Mercury, the innermost planet in our solar system, revolves around the sun in 88 days, making a tight orbit that keeps the planet toasty. Surface temperatures can reach a blistering 425 °C—hot enough to liquefy lead.
Now researchers from NASA, MIT, the University of California at Los Angeles, and elsewhere have discovered evidence that the planet may harbor pockets of water ice, along with organic material, in several permanently shadowed craters near its north pole.
The surprising discovery suggests that both ice and organics, such as carbon, may have been deposited on Mercury’s surface by impacts with comets or asteroids.
“We thought the most exciting finding could be that this really was water ice,” says Maria Zuber, a professor of geophysics at MIT and a member of the research team. “But the identification of … material that may indicate complex organics makes the story even more thrilling.” The team published its results in the journal Science.
The possibility of ice on Mercury is not new: in the 1990s, radar observations detected bright regions near the poles that scientists believed could be signs of either water ice or a rough surface. However, the evidence was inconclusive.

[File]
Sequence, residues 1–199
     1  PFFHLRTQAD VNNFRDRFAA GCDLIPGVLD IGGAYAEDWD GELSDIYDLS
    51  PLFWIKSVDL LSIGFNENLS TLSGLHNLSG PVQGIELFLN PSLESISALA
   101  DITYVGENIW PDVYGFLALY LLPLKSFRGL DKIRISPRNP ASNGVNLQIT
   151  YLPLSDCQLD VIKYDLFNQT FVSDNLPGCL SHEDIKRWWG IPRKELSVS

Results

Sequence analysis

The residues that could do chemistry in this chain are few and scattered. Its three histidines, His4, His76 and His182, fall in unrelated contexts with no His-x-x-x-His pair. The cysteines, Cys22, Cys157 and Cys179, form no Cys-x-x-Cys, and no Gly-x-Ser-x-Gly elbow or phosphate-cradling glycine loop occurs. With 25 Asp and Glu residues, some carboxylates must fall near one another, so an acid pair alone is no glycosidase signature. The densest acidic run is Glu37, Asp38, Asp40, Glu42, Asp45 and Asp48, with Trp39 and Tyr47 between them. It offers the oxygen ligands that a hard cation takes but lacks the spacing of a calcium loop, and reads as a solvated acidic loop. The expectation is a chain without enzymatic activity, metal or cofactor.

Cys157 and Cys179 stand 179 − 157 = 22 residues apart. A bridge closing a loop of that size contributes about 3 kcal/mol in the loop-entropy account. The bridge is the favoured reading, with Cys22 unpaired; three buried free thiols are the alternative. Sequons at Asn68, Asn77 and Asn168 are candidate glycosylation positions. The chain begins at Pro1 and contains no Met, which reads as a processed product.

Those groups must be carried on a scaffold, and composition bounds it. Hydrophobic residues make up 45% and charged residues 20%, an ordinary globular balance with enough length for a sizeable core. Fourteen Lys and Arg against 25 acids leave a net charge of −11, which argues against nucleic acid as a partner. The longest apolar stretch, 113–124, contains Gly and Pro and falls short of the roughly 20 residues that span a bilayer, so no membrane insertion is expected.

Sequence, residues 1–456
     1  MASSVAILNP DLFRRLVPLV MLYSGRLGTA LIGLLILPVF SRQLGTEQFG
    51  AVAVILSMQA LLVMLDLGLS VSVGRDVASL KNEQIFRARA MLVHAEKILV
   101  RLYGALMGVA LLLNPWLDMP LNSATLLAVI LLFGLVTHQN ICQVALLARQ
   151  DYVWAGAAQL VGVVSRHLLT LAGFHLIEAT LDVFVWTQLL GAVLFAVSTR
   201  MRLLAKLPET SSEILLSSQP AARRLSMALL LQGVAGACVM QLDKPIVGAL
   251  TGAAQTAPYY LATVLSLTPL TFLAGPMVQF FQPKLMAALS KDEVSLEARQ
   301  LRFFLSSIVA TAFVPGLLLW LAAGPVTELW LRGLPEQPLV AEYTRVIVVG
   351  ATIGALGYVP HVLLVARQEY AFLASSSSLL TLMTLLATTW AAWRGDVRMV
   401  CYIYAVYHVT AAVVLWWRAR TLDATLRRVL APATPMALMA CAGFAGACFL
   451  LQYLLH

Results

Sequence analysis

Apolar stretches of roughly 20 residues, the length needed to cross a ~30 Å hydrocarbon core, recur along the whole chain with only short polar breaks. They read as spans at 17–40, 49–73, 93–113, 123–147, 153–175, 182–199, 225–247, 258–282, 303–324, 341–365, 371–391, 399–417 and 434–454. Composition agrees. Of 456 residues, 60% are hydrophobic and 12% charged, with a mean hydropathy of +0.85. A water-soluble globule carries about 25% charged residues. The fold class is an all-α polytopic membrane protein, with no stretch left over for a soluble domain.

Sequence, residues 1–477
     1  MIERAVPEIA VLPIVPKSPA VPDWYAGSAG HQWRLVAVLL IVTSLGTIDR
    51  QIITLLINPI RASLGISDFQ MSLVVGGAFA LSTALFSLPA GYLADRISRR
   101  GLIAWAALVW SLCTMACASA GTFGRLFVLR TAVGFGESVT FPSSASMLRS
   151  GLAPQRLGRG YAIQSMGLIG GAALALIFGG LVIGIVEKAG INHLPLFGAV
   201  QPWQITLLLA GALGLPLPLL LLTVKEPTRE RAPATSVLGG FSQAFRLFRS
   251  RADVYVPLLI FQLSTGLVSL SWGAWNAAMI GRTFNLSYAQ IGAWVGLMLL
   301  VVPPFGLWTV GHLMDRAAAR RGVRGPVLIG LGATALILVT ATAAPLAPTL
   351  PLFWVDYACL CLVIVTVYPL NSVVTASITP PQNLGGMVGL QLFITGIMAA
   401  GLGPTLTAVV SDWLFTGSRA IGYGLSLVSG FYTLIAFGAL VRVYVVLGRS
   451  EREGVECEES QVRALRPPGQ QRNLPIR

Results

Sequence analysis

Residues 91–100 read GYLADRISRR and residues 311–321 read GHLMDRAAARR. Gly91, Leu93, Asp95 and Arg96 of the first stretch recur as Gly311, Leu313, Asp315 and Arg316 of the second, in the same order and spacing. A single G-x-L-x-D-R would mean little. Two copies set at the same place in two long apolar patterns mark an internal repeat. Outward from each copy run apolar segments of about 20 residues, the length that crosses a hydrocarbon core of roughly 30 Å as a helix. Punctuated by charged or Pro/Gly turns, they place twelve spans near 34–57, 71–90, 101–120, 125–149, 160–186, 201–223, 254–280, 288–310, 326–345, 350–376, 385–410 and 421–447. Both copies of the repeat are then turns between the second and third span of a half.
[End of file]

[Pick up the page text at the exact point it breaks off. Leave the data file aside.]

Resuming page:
To get a clearer picture of Mercury’s poles, Zuber and her colleagues analyzed observations taken by NASA’s Messenger (Mercury Surface, Space Environment, Geochemistry and Ranging) mission, which must cope with the sun’s intense radiation—and the havoc it wreaks on electronics—to take measurements. That probe’s laser altimeter has been mapping the planet’s topography since April 2011 by shooting pulses of laser light toward the surface and measuring how long they take to bounce back. Comparing the energy of the original pulse with the amount of energy that bounces back also let researchers determine the reflectance of the surface.
At first, the results were puzzling. The laser altimetry measurements showed areas of surface brightness at northern latitudes, matching the previous radar findings and indicating the possible presence of reflective ice. However, just south of two craters that were bright by both measures, other craters appeared dark with laser altimetry but bright in radar.
The observations “threw us off track for a long time,” Zuber says, until UCLA team member David Paige developed a thermal model of the planet, simulating the sun’s illumination and precisely determining Mercury’s temperature at and below the planet’s surface.
Results indicated that the unusually bright deposits corresponded to regions where water ice was present at the surface; ice was also present in the laser-dark and radar-bright regions, but it was up to a meter below the surface. The underground ice was detected by radar but not by surface laser reflectance. Zuber says this ice may be insulated by the organic materials detected with it, preventing it from melting.
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